|Is it just the Bear, or does this look familiar?|
UPDATE 2: BREAKING -- ESAG calls Vatican hoax claim untrue, threatens legal action.
Maureen Mullarkey has written that the Vatican G-Spot Conference is a hoax. You can read the details at her "Studio Matters" blog, in the Bear's opinion always an essential daily blog stop anyway. (Permanently linked in the right-hand column.)
The Bear thinks she may be a little hard on herself. After all, why wouldn't there be a Vatican G-Spot Conference? They rented out space to Porsche, after all. In any case, it was too fat a pony for the Bear to resist going after, too. Overall, the bloggers still understand this pontificate better than the legacy media.
We've earned our "fake but accurate" moment, if anyone recalls the the Bush National Guard hoax.
So, the good news is that the Vatican has not descended to shilling for G-Spot enhancement.
The bad news is that now the Bear will never discover the untapped potential of his G-Spot. Assuming Bears have one.
UPDATE 3: Oakes Spaulding of Mahound's Paradise raises a good point in the comments section. Was it really a hoax? (He has done the best work on this, whereas the Bear originally played it for laughs.)
At one time the European Society of Aesthetic Surgery (ESAG) definitely advertised the venue for its "1st World Congress" as the Patristic Institute. The Patristic Institute, under the curial Congregation of Catholic Education, does generally advertise its conference facilities, so there is nothing inherently improbable about the Institute hosting the conference.
However, all references to the Institute as a venue have been scrubbed from the (quite slick) ESAG website. (The site features discussions of a wide variety of feminine enhancement procedures, so viewer discretion advised.) The venue for the ESAG conference is now listed only as "Rome, Italy."
As preserved at Mahound's Paradise, the original promotional material said:
The social event will take place in the Vatican City, participants will have the chance to visit the entire city of the Vatican and reach places not everybody can. Delegates will have the chance to attend the general audience of Pope Francisco, the Mass and to visit the Vatican gardens.All that's gone now, except for the image of St. Peter's basilica prominently featured on their promotional PDF.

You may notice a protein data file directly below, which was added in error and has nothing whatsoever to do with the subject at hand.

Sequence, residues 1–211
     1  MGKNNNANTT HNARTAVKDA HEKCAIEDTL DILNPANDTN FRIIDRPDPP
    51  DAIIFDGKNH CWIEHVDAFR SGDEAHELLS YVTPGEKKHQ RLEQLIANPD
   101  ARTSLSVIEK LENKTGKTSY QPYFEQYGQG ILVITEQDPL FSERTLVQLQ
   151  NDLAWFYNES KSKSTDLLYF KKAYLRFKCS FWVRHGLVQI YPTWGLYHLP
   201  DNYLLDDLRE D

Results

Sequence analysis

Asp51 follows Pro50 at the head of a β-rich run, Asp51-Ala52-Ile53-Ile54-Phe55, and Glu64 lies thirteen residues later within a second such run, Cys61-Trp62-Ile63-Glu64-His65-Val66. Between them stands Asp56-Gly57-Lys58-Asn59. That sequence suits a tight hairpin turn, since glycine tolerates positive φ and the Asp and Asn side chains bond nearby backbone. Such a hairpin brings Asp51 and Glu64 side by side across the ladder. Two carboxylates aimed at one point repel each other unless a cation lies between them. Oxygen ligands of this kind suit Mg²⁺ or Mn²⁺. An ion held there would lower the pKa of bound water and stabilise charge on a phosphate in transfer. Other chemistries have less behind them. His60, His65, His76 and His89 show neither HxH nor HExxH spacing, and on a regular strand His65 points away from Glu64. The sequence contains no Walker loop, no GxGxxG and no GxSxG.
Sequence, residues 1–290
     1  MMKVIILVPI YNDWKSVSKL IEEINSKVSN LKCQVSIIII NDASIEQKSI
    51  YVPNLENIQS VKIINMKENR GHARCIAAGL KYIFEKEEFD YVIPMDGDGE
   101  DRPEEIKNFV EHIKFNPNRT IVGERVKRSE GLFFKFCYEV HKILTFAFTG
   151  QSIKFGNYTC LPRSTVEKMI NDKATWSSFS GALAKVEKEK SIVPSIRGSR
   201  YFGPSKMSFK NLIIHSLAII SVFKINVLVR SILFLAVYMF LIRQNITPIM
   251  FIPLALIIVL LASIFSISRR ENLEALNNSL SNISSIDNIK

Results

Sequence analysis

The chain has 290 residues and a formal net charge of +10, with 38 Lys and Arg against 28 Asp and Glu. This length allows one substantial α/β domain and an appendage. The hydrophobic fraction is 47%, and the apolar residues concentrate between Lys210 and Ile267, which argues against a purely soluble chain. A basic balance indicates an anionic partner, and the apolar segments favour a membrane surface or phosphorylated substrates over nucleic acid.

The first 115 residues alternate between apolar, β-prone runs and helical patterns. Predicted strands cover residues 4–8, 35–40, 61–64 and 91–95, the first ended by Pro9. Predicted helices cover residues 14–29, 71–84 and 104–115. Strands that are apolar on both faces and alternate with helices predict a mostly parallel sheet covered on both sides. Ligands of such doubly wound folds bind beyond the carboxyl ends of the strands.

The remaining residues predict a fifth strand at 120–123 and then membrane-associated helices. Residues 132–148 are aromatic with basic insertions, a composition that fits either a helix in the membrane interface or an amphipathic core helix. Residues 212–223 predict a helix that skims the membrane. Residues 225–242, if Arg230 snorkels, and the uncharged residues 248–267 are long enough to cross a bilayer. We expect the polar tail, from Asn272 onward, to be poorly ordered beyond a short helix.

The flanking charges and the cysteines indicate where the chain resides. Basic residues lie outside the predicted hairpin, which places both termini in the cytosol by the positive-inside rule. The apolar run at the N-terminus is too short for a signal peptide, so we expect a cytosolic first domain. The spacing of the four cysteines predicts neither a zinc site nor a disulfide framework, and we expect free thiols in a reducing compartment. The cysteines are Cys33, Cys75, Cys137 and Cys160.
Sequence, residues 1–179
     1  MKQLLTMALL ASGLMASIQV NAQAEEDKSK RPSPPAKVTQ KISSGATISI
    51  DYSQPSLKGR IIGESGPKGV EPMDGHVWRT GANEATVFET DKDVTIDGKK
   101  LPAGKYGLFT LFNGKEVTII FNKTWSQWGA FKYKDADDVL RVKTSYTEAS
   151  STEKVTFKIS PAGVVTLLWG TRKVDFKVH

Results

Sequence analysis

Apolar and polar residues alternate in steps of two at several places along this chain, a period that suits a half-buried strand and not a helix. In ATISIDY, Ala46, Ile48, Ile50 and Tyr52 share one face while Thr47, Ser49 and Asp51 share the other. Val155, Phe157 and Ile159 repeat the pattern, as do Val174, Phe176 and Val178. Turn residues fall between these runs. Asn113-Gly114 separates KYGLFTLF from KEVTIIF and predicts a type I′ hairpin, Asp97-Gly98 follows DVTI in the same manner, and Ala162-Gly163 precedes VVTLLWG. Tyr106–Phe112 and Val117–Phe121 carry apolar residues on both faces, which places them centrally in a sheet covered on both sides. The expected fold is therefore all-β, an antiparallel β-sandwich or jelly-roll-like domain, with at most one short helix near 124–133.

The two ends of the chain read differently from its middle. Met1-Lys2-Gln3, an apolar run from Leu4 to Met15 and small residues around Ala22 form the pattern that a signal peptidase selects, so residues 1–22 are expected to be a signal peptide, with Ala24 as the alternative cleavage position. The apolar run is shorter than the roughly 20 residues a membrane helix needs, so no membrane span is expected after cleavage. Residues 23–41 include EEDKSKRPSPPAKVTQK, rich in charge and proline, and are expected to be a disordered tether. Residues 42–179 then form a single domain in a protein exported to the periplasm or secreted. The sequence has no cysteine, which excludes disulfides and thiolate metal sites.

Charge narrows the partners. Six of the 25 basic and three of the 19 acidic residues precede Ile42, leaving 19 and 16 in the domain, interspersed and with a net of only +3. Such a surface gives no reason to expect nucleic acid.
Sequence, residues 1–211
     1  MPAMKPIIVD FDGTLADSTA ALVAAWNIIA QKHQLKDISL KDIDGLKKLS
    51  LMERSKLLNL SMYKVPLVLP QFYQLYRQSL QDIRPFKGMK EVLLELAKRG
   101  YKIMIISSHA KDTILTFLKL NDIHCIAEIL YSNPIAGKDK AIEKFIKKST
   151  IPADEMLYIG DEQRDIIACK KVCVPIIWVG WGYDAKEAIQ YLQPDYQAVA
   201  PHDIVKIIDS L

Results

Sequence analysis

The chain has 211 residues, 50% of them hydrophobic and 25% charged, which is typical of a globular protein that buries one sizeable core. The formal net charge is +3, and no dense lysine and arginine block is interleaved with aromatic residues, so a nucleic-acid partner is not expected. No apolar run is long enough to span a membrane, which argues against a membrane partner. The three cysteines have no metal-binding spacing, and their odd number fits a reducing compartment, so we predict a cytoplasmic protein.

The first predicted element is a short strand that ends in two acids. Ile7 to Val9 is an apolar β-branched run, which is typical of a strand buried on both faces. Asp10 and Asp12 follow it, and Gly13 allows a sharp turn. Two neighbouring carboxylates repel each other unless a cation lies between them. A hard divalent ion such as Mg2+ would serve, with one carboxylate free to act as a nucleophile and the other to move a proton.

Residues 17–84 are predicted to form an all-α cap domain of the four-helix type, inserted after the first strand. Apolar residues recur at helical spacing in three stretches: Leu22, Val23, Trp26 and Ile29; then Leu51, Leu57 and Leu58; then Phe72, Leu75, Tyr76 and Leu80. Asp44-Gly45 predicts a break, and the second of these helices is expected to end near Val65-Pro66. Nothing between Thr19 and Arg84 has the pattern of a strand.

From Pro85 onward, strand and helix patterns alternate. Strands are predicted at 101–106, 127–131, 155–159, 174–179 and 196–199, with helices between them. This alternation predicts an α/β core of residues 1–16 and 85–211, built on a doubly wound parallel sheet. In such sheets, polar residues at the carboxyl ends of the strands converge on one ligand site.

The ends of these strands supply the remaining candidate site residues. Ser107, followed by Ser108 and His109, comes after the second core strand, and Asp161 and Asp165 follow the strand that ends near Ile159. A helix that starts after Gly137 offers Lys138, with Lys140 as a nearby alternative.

The Bear has inquired of ESAG, but doubts they will feel obligated to reply. [But see.]
Based on the above, the Bear would not call this a hoax, but a rare triumph of common sense at the Vatican, marred by a coverup. If this is the case, this is a far bigger deal than the original conference story because the Patristic Institute, which is supervised by a curial congregation, would be caught in an outright lie. Worse, it would show a willingness to damage the credibility of a respected blogger by saying that she had been gulled, and had reported untrustworthy information.
As Oakes asks, was ESAG's website hacked? Who were the hoaxers? (An odd target, thinks the Bear.) Why would ESAG scrub all references to the Institute without comment? On the other hand, the Bear can imagine all sorts of reasons for ESAG to keep quiet if the Vatican backed out.
The whole thing looks like ESAG secured a respectable venue for their unusual conference which the Vatican later realized was generating the kind of PR it didn't need. ESAG was disinvited. ESAG is now searching for an alternative venue in Rome.
On the other hand, the experienced journalist Maureen Mullarkey is the one who received the letter from the Patristic Institute. For whatever reasons, she accepted the claim of hoax and apologized.
So, what do you think? Do you buy the improbable hoax claim? Or do you think that's a cover story for a lapse in judgment? The Bear admits that much of this is speculation. However, the hoax claim smells fishy. And there's still that image of St. Peter's on their PDF, which perhaps they neglected to alter.
If the Bear's instincts are right, it isn't Maureen Mullarkey that owes an apology. Somebody needs to apologize to her.